The FBI and Nassau police Monday declined to comment directly about Rep. Peter King’s assertion that U.S. Muslims are uncooperative with police, but stressed that they do not focus investigations on particular religious denominations.
However, a spokeswoman for the federal Department of Homeland Security, Amy Kudwa, rejected King’s assertion, saying it “would be unfair and inaccurate to characterize each Muslim community in the United States in a single statement.”
In an MSNBC interview Friday about a Department of Homeland Security report about the resurgence of right-wing extremism, King complained of a lack of department reports and assessments of Islamic extremists; he noted that on Long Island “there are a number of mosques under surveillance by law enforcement agencies.”
King (R-Seaford) said the department “has never put out a report talking about look out for mosques. Look out for Islamic terrorists in our country. Look out for the fact that very few Muslims come forward to cooperate with the police. If they sent out a report saying that, there would be hell to pay.”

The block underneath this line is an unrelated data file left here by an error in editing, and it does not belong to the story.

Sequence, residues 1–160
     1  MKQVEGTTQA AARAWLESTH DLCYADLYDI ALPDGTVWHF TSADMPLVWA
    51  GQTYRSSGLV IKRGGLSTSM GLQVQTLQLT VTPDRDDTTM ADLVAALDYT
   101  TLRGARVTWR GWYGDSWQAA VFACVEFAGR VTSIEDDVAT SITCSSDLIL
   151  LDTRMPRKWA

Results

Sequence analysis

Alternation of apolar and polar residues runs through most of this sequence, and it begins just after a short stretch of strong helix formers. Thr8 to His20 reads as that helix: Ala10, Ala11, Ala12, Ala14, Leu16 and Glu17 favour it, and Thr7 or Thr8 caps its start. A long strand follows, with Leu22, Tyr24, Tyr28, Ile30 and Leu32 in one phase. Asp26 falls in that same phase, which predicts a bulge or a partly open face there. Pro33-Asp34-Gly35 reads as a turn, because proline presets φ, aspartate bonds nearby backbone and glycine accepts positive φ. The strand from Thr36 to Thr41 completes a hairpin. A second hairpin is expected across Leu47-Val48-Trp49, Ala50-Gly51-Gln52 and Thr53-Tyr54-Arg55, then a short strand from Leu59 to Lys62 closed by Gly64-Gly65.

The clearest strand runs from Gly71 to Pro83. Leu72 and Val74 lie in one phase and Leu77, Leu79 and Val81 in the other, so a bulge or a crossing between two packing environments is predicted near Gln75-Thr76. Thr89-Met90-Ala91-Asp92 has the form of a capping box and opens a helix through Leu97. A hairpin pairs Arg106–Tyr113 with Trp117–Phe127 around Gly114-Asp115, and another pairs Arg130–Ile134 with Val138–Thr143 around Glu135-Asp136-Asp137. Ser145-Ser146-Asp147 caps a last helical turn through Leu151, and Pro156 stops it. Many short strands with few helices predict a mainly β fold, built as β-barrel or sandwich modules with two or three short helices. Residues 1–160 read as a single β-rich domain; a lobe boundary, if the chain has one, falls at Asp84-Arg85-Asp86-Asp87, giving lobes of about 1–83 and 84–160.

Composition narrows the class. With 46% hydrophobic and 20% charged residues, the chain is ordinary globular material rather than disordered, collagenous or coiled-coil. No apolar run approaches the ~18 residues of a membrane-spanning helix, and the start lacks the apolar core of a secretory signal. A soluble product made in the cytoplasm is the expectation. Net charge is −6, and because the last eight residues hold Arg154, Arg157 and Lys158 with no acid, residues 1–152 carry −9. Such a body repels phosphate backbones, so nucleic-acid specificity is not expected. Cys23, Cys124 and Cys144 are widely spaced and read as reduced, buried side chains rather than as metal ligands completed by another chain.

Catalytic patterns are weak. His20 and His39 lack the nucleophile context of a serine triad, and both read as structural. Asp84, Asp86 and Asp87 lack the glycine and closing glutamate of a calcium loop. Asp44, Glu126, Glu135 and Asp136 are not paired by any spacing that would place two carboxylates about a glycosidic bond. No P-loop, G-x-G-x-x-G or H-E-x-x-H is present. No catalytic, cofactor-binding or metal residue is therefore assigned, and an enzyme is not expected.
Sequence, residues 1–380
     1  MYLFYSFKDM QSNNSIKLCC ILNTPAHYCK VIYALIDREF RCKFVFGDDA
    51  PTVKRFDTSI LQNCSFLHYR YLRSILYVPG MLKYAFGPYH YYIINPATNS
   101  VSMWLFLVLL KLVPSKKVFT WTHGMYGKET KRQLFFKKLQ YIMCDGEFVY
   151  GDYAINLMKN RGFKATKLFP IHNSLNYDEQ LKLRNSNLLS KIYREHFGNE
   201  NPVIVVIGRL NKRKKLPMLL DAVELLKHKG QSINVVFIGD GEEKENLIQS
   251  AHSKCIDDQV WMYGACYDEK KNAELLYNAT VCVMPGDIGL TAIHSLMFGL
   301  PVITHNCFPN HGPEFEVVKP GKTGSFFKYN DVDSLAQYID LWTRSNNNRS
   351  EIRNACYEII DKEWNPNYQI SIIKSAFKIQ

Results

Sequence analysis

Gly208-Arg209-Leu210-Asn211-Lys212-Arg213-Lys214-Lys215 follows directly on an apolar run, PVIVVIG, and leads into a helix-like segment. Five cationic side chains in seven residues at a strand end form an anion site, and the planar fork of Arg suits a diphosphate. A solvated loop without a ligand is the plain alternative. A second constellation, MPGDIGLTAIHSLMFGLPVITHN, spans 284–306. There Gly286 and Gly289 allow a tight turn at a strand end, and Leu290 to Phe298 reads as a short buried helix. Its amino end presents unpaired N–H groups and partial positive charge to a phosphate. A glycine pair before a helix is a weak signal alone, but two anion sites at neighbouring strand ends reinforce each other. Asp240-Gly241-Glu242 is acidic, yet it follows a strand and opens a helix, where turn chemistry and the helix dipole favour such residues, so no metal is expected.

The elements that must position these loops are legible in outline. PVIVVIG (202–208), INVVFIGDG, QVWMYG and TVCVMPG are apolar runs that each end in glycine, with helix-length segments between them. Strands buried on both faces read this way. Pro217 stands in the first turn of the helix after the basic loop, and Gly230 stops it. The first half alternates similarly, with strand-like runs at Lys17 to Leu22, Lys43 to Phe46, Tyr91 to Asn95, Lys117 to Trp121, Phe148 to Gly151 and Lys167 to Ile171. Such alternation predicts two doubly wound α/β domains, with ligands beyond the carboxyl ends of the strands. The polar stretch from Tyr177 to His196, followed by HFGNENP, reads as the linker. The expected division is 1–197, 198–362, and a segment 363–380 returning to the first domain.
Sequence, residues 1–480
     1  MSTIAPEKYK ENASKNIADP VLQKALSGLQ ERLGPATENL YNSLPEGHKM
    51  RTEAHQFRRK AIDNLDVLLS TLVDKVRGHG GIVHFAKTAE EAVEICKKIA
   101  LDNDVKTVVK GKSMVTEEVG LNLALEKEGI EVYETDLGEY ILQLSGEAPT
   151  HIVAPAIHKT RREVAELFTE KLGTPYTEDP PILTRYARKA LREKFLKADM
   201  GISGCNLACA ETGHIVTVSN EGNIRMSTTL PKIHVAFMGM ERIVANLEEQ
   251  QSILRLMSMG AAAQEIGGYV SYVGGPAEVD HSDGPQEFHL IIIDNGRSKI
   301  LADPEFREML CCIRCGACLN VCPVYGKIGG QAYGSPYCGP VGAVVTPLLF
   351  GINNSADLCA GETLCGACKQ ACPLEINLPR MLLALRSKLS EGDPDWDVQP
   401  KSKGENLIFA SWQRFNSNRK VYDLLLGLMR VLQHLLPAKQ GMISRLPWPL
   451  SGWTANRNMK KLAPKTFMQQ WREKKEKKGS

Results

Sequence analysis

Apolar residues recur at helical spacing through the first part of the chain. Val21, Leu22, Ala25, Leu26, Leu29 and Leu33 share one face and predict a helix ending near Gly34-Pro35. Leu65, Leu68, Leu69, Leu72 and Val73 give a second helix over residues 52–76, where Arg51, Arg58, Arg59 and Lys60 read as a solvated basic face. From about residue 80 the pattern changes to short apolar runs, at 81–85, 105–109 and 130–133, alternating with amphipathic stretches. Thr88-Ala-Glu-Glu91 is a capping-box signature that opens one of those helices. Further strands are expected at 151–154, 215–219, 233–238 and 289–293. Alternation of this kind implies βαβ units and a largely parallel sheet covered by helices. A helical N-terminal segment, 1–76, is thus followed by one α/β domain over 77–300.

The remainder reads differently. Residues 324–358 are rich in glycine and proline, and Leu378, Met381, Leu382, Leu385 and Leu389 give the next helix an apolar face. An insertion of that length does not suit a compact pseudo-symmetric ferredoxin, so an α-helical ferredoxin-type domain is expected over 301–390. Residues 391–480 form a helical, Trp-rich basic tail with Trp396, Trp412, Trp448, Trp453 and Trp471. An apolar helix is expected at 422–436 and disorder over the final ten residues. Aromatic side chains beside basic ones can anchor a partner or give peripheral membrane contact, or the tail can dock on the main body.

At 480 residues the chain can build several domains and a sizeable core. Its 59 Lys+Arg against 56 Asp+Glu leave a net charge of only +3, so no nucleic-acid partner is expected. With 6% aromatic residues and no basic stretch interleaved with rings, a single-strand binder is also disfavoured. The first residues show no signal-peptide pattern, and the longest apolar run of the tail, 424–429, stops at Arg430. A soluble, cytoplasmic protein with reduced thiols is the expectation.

Kudwa said that while the department does not conduct surveillance on mosques, “We’ve issued dozens of notes, bulletins and assessments on Islamic extremists. Though most are foreign, we have acknowledged potential domestic threats, including the warning issue on al-Shabaab and potential threats to the inauguration.”
On Monday, the New York chapter of the Council on American-Islamic Relations called on the FBI to “confirm or deny” King’s claim that Long Island mosques were under law enforcement surveillance. The FBI, while not addressing King’s comments, said its investigations target individuals, not organizations. “The FBI does not investigate mosques or other houses of worship,” spokesman James Margolin said in a statement Monday. “With proper predication, consistent with FBI and Department of Justice investigative guidelines and Constitutional protections, the FBI investigates individuals to determine whether they are engaged in or plotting criminal or terrorist acts.”
Nassau Police Det. Lt. Kevin Smith, while declining to address King’s comments, said the department’s relations with mosques are “on par” with other religious groups. (More)